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What I learned from three inkless pens and a beer bottle opener

Deborah Kimmett

Deborah Kimmett

After father died, my mom gave me three of his pens and a beer bottle opener. The pens had no ink. And I don’t drink.

My brother Kevin got his ski sweater; Vern received a set of his tools, the third brother still more tools, and someone got a leather jacket.

But the family scribe and a recovering alcoholic was bequeathed three pens with no ink and a beer bottle opener.
For weeks afterward, I’d wake my husband up in the middle of the night, in tears, shaking the impotent pens in his face.

“Three pens with no ink? They’re Bic pens, David, I can’t even buy refills!”
“It wasn’t intentional, Deb. You know it wasn’t.”
“I would have liked his stripper pens. His stripper pens were hilarious.”
“Stripper pens? What are you talking about?”
“Stripper pens! You know those pens with the girly picture on the side of the pen and when you turn it upside down her bathing suit top falls off.”
“What? You wanted stripper pens?! That’s sexist. You would have killed him if he gave you those kind of pens.”
Of course I would have been outraged but stripper pens would make sense. His comedy was old school. His favourite joke was about two men looking longingly over the fence of a nudist camp. One guy says to the other, “Can you imagine her in a sweater?”
So I could hear him saying to my mother: “Deb’s a comic. Give her the stripper pens.”
But a beer bottle opener with 3 pens with no ink?
What did that say to me?

It said stop writing.

Practically speaking, I knew my dad wasn’t thinking about pens the last days before he went to the hospital.
He was too being a stage four-lung cancer patient hopped up on steroids. His last night in the house, the house he had lived in for 40 years he paced the floors like he wanted out of his body. Up and down the hallway he walked. Too agitated to sleep he dragged so many oxygen tank behind him, looking like he was about to go on a scuba diving trip.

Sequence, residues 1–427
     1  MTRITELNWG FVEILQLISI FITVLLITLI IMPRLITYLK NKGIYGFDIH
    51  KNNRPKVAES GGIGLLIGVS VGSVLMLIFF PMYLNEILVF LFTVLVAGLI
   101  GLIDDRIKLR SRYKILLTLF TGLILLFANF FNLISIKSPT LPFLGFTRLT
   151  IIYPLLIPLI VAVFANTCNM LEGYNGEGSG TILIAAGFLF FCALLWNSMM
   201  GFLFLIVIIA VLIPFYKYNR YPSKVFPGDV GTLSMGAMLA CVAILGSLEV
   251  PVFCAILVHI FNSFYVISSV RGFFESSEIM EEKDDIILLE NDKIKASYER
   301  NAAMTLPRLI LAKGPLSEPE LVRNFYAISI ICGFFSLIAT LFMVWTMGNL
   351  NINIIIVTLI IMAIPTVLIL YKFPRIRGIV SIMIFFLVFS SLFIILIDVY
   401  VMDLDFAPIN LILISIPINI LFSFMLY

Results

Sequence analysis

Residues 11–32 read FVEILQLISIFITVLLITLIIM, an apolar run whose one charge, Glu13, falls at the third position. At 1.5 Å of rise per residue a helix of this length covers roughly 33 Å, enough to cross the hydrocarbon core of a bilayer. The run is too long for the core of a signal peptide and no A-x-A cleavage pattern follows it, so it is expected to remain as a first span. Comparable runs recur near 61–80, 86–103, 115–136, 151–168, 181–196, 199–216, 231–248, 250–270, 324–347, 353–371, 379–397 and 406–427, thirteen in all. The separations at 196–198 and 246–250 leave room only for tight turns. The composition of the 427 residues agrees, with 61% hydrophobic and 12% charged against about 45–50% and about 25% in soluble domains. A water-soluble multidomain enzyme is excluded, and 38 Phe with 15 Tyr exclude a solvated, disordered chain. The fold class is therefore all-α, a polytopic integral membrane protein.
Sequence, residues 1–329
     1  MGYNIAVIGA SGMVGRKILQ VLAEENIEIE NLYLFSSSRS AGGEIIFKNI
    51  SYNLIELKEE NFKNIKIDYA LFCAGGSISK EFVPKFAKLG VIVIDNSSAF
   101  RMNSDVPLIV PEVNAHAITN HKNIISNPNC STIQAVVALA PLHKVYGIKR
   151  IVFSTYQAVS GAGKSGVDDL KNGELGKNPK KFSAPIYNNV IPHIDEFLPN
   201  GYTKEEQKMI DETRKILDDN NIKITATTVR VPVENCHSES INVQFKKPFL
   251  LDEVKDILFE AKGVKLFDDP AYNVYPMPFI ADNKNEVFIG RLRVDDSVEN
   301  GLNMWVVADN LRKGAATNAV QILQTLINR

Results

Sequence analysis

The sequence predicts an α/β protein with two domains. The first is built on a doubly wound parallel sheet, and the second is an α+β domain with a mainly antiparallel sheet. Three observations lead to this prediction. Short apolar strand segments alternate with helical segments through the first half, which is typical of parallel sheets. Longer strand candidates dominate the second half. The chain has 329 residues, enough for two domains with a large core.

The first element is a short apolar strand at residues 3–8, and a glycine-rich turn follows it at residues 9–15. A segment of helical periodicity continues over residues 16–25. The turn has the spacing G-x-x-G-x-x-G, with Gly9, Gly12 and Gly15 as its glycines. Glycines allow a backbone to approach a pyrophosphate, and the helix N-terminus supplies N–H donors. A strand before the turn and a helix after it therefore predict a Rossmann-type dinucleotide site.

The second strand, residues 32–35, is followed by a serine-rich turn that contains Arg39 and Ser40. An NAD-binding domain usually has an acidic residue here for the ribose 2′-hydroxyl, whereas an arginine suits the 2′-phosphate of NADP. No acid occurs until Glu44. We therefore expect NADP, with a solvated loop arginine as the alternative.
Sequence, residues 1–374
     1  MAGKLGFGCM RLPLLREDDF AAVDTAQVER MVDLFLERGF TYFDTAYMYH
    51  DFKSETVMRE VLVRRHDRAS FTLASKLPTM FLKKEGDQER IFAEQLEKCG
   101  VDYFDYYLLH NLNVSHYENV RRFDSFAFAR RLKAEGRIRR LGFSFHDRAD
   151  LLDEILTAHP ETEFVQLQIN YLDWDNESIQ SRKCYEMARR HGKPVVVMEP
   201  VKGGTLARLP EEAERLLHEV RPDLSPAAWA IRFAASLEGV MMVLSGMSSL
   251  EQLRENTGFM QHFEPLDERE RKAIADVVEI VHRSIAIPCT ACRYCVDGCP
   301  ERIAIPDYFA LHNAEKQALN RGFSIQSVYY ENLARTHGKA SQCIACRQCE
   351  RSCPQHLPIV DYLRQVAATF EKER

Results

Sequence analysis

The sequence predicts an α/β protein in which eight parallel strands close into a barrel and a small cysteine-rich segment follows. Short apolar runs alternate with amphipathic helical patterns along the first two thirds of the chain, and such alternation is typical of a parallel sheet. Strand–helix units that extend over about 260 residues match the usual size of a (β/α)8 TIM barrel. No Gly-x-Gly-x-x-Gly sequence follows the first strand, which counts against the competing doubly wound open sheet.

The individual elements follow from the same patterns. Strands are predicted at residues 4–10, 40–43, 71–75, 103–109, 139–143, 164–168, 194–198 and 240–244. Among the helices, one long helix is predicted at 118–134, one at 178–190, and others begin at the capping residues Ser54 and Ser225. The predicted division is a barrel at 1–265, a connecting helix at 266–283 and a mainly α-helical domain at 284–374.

“When they bring the oxygen it’s game over,” he said.

The last night I followed him around and said hollow optimistic things; I got him into bed and tired to calm him with affirmations and alternate nostril breathing. I put on harp music. I tried my calm patronizing voice but even this pseudo spiritual ritual would not let him sit still. He would almost drift up then sit up panicked he couldn’t breathe:
“Thanks Deb. I think I’ll walk it out.”
Even in the face of death he was polite: a restless verb.

The next morning he sat in a chair in the kitchen, all bones in long red johns. Each breath was an effort. His face a grey pallor, the all night hiking had worn out cancer filled lungs.
Mom looked out the window.
“Jim, the ambulance is here.”
Two young EMTs came in and dad sat up looking sharp.
“How are you fellas doing today?”
“How are you doing sir?
“No hell.”
Then he bent over the table and wet himself. The morning he left his house forever I know he didn’t yell out “Give Deb the ink-less pens and beer bottle opener.” My Dad would never do that. No, this wasn’t his idea.
It was hers.

A few nights later, I shook my husband awake again
“It was her idea. Mom gave me the inkless pens. It’s a passive aggressive move because she hates my work.”
I sat in bed building a case against her like I was a lawyer.
When she came to my show she criticized for me swearing or told me to get a better mic. “If they can’t hear you it doesn’t matter how funny you are.” (This piece of criticism is true.)